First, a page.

Nanotechnology for DNA Sequencing
The information to produce many of the components of the cell such as RNAs and proteins is encoded in the sequence of nucleotides of a cell. Determining the DNA sequence is therefore fundamental to molecular biology and medicine. The most used technique for DNA sequencing has been the dideoxy termination method developed by F. Sanger in a Nobel Prize winning groundbreaking work. Through parallelization, automation and refinement of the established Sanger sequencing method, the Human Genome Project is estimated to have cost $3 billion. Much lower cost methods for DNA sequencing will be required to make genome sequencing feasible for routine healthcare practice.
Many new generation sequencing methods have been developed during the last decade, which represent significant advances over the traditional Sanger sequencing. Amongst them, a method based on threading a DNA molecule through a pore of a diameter of a few nanometers to sequence this molecule while it translocates through the nanopore occupies a privileged place. DNA nanopore sequencing has the advantage of being a real-time single molecule DNA sequencing method with little to no sample preparation and inherently of low-cost.
At least two technical roadblocks prevent implementations of DNA nanopore nucleotide identification by electrical sensor methods. 1) The absence of a reliable approach to control the translocation of DNA through the nanopore. 2) The technical difficulties in making sufficiently small sensors. Our work in this field focuses on solving the challenge of translocation control.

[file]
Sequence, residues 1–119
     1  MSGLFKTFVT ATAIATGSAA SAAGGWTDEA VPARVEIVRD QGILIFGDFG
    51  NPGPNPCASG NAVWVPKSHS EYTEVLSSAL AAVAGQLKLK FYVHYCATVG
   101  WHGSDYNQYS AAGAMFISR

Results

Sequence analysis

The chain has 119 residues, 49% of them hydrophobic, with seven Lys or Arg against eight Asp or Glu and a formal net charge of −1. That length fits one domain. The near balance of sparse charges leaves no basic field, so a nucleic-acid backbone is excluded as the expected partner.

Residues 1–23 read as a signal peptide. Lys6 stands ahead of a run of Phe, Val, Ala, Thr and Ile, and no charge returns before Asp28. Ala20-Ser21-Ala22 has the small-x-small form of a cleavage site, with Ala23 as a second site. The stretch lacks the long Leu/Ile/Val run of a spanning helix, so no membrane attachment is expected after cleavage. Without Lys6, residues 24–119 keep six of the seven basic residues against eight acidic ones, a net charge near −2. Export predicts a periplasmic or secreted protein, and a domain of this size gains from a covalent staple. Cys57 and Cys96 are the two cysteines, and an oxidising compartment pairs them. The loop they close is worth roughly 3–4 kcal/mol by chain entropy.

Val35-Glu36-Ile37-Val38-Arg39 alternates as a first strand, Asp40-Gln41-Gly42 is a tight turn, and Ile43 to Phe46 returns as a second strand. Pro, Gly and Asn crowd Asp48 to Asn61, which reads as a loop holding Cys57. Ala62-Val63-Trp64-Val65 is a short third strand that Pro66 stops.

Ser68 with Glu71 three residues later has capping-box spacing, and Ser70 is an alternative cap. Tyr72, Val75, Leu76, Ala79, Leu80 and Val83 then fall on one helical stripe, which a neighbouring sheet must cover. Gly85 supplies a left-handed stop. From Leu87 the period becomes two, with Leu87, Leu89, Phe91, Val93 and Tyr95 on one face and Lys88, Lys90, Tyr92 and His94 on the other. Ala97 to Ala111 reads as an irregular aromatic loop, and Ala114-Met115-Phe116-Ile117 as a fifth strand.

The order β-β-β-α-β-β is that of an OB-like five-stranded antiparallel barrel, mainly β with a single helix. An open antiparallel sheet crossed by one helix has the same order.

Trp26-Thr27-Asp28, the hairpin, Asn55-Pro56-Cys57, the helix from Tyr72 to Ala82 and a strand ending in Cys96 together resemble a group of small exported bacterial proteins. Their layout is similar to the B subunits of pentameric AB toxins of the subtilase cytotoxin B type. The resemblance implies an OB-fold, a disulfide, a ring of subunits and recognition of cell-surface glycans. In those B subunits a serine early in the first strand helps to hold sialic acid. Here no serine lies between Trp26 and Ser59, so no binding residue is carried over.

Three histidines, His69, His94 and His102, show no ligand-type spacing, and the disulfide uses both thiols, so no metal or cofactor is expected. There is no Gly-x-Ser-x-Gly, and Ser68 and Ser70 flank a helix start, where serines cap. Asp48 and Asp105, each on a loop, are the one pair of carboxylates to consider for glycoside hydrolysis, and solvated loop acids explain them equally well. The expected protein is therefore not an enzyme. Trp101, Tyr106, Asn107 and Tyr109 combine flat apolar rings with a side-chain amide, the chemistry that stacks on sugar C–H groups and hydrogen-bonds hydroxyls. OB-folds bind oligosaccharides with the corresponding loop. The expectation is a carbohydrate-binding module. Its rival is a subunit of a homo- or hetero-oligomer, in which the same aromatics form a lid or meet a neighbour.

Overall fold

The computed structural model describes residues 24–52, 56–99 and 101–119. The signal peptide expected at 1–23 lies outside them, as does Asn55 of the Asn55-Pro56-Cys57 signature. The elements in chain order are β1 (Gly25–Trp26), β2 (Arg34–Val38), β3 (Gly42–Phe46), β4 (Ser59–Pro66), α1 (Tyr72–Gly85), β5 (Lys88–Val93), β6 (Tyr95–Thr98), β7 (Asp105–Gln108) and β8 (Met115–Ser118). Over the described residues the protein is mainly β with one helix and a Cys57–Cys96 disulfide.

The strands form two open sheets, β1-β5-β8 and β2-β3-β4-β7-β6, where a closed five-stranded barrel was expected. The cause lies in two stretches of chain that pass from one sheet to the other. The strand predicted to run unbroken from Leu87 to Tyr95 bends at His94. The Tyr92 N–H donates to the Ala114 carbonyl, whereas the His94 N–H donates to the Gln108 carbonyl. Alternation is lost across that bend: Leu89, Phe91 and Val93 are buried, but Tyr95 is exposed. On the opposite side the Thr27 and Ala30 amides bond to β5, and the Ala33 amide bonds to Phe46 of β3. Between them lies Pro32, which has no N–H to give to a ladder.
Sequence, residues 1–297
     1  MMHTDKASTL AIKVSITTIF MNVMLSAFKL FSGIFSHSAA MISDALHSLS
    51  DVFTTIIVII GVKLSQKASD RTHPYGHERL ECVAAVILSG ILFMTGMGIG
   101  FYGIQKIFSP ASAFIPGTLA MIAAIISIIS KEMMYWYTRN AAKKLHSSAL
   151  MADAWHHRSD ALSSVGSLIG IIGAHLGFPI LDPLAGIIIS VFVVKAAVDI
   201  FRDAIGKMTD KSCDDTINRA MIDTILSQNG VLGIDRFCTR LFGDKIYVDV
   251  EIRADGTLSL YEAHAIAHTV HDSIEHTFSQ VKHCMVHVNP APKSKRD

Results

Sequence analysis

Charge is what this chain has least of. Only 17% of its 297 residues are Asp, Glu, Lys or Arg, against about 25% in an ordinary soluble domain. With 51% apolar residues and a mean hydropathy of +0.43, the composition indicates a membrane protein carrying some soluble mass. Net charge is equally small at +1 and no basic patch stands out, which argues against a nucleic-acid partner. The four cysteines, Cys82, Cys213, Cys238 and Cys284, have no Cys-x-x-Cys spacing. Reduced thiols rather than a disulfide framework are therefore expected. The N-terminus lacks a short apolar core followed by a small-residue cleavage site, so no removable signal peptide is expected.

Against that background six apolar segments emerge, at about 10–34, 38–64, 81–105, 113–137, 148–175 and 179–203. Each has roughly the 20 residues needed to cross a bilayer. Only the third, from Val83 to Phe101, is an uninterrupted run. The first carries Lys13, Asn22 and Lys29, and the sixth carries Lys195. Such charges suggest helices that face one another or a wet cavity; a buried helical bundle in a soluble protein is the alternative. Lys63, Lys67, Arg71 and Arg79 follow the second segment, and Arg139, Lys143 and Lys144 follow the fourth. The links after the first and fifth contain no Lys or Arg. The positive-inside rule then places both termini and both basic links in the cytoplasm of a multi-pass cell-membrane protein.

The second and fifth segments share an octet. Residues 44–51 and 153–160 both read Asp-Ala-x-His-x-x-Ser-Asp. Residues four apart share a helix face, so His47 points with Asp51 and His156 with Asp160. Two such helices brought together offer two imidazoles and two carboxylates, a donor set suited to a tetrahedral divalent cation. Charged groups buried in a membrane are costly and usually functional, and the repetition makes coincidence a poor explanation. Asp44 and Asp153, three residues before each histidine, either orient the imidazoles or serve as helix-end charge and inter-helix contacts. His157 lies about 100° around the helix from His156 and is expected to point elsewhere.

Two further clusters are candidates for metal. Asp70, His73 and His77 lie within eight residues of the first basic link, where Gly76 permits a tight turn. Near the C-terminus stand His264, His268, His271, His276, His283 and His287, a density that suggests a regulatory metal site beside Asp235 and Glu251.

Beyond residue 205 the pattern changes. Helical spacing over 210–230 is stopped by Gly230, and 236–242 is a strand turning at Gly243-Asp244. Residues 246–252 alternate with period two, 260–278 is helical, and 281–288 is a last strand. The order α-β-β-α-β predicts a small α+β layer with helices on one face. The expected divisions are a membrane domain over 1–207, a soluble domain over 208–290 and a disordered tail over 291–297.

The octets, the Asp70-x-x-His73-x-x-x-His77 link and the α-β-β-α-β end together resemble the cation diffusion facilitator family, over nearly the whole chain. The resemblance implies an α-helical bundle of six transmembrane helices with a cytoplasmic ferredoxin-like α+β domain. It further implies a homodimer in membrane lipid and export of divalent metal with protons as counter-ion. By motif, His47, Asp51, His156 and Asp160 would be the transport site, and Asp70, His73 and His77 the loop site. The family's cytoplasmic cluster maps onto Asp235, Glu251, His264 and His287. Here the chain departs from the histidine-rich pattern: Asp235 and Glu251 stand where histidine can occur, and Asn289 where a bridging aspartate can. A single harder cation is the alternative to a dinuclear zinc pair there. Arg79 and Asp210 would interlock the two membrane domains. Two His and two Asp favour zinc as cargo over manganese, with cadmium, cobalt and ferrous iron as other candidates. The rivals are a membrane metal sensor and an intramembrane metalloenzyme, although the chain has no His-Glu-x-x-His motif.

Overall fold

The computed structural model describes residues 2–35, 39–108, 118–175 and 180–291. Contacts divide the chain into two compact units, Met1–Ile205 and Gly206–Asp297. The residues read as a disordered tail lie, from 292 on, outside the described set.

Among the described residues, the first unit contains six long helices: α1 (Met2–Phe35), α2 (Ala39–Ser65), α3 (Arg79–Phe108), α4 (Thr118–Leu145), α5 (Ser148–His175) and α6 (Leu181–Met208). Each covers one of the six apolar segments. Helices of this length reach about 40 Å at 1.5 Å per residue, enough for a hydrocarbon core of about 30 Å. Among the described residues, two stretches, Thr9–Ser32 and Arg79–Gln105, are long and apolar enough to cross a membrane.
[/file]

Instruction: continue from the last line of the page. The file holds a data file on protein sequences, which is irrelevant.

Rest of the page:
To control the DNA translocation through the nanopore we have proposed a device consisting of a metal/dielectric/metal/dielectric/metal multilayer nano-structure built into the membrane that contains the nanopore. Voltage biases between the electrically addressable metal layers will modulate the electric field inside the nanopore. This device utilizes the interaction of discrete charges along the backbone of a DNA molecule with the modulated electric field to trap DNA in the nanopore with single-base resolution. By cyclically turning on and off these gate voltages, we showed theoretically, and we expect to be able prove experimentally, the plausibility to move DNA through the nanopore at a rate of one nucleotide per cycle. We call this device a DNA transistor, as a DNA current is produced in response to modulation of gate voltages in the device.
The DNA transistor is then a DNA positional controlling platform with single-base-resolution, which could be used in combination with sensor measurements that are under development by us and other research groups. By providing enough dwell time for each DNA nucleotide at the electrodes constituting the sensor, the DNA transistor allows exploration of the best electrical sensor that can resolve the difference between the four DNA nucleotides. In that sense, the DNA transistor paves the way to nanopore-based nucleotide sequencing, and personalized medicine.